All grades are based solely on work completed during the term a course is offered, except in the case of a grade issued to replace an incomplete, as authorized by the Committee on Academic Standing (see the Incomplete Work in a Course section for more information).
The letter grading system within Columbia's undergraduate colleges is as follows: A, excellent; B, good; C, fair; D, poor but passing; F, failure (a final grade, not subject to reexamination). Plus and minus grades are also used, except with a D or F. No more than ten percent of a student's total number of Columbia points with the grade of D will count toward the degree, and no work with a grade of D will be credited toward the major unless otherwise noted by a department in its official policies.
The Registrar calculates semester as well as cumulative grade point averages based on the number of points per class. The GPA is used to assess a student's academic progress as well as to determine a student's eligibility for certain honors such as the Dean's List or the Honor Society. The GPA is printed on all official Columbia transcripts. GPAs are computed on the following scale:
A+ = 4.33
B+ = 3.33
C+ = 2.33
D = 1.00
A = 4.00
B = 3.00
C = 2.00
F = 0.00
A- = 3.67
B- = 2.67
C- = 1.67
When the Registrar calculates the GPA, courses are weighted by the number of points they carry. Courses that cannot be credited toward the degree are not included in the GPA. For repeated courses, only the grade earned for the first attempt will be calculated into the grade point average.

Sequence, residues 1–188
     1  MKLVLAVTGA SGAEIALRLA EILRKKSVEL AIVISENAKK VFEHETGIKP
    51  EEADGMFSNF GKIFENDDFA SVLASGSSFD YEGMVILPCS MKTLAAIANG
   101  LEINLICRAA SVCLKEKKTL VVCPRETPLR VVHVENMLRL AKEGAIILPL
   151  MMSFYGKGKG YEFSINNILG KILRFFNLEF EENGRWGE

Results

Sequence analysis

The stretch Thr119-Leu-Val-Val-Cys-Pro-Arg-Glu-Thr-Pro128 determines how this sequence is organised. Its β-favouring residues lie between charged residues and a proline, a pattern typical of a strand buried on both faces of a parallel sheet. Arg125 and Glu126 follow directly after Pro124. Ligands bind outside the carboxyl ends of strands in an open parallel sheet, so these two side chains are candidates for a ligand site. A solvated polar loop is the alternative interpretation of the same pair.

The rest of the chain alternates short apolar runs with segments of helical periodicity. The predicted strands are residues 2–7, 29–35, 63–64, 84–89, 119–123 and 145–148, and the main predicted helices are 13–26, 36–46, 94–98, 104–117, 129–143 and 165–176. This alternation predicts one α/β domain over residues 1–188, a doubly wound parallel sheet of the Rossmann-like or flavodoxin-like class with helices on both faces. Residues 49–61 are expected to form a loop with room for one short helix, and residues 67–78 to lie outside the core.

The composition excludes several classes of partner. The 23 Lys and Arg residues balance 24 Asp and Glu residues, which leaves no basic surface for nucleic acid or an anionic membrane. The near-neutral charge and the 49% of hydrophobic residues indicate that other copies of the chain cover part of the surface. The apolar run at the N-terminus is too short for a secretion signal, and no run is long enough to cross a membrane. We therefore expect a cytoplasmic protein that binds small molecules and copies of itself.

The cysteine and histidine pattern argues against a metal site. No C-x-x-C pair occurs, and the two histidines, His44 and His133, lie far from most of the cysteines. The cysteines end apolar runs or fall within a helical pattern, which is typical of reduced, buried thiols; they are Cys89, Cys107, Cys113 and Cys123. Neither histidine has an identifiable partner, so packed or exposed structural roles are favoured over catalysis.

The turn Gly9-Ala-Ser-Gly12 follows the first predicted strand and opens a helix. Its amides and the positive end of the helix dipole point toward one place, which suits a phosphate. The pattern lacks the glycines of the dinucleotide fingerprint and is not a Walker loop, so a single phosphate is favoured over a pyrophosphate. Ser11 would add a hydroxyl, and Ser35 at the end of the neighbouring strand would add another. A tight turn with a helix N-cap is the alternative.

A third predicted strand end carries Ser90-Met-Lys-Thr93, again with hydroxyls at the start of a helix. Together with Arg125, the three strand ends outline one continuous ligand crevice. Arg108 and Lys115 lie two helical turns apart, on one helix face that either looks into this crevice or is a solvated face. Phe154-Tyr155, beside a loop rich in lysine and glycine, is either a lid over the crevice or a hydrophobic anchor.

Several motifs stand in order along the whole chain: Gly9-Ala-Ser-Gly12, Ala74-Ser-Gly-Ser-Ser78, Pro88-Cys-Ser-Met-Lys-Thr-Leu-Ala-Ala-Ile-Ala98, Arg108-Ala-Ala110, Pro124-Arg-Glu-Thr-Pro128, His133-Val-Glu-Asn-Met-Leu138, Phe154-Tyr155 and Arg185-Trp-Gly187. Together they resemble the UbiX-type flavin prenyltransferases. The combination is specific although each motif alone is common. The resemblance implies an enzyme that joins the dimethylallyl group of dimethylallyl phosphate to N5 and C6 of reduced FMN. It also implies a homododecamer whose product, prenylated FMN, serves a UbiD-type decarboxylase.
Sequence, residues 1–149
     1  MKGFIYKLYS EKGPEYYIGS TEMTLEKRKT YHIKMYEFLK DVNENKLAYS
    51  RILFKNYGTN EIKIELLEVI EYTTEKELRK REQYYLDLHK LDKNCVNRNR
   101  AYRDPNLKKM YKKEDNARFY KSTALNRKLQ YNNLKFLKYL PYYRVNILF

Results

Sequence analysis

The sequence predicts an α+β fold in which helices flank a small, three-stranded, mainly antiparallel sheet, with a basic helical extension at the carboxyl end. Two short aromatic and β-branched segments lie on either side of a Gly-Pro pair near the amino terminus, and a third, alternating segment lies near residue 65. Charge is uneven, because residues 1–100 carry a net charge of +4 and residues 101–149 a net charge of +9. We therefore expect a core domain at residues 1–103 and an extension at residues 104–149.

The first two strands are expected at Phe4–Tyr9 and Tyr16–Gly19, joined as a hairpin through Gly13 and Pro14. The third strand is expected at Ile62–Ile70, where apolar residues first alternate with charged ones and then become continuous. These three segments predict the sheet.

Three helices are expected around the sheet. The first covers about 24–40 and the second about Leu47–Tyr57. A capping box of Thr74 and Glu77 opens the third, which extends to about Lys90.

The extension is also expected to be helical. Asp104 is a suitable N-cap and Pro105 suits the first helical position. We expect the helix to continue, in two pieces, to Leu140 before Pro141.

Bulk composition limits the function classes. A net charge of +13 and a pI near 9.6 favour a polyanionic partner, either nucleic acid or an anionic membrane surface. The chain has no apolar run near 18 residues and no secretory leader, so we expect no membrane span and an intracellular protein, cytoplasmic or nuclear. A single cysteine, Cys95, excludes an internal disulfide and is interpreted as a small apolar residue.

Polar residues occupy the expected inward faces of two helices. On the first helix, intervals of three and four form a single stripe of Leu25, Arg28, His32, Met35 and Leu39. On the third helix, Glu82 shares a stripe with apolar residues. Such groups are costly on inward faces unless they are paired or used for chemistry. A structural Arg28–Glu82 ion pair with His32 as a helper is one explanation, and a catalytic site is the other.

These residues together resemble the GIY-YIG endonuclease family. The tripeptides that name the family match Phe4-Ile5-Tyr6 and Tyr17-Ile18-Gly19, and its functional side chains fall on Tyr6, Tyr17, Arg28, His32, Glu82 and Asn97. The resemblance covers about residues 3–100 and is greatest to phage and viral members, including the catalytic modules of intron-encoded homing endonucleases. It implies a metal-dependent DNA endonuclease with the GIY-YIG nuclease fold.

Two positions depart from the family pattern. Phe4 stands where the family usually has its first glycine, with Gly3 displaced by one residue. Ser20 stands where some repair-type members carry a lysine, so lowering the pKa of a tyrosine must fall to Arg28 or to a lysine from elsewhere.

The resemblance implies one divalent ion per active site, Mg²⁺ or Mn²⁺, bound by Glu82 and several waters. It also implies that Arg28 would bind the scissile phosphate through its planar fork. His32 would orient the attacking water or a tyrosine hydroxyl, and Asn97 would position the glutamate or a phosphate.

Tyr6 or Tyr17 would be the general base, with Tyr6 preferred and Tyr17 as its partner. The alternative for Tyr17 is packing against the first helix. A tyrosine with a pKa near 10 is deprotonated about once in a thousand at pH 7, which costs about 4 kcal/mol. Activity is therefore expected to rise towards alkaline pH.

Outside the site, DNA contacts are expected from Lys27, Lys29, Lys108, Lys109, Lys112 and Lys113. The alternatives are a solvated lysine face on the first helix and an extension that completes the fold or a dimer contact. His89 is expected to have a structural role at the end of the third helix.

Assessment of a student's performance in a course is at the instructor's discretion. When a student feels a grade appeal is warranted, the student should first speak with the instructor of the course in order to understand how the evaluation was derived or to clarify other specific concerns. If dissatisfied with the explanation or uncomfortable broaching this matter with the instructor, the student should speak with the director of undergraduate studies or chair of the relevant department.
Deans and GS advisors can counsel a student on whether and how to approach an instructor about a grade appeal; however, they do not arbitrate grade disputes. Students should keep their GS advisors informed of any pending grade disputes or appeals, as the Office of the Dean of Students can help to expedite a response from a faculty member or department.
If the student is unable to resolve the matter to his or her satisfaction and believes that a procedural issue is involved, the student should bring the matter to the attention of the GS Dean of Academic Affairs who will work with the student and the faculty member to determine whether there has been a procedural breach and, if so, take immediate steps to remedy the matter. If relevant faculty other than the instructor, in consultation with GS Academic Affairs, decide that the grade or other academic evaluation was appropriate, given class assignments and circumstances, the student will be informed and the decision will be final.
The statute of limitations on final grade appeals is three months from the end of the semester in which the course was taken.
The purpose of the Pass/D/Fail (P/D/F) option is to encourage students to take courses outside their fields of specialization without concern for the grade. Beginning with the Spring 2008 term, students may choose the P/D/F option for only one course per term, including the summer term. Courses given only on a P/F basis will not count toward the six-course limit.
Electing a Course for Pass/D/Fail
- Undergraduates within the School of General Studies may elect the Pass/D/Fail (P/D/F) option for up to six courses, for a total of 18 points, but no more than one course per semester may be selected for this option.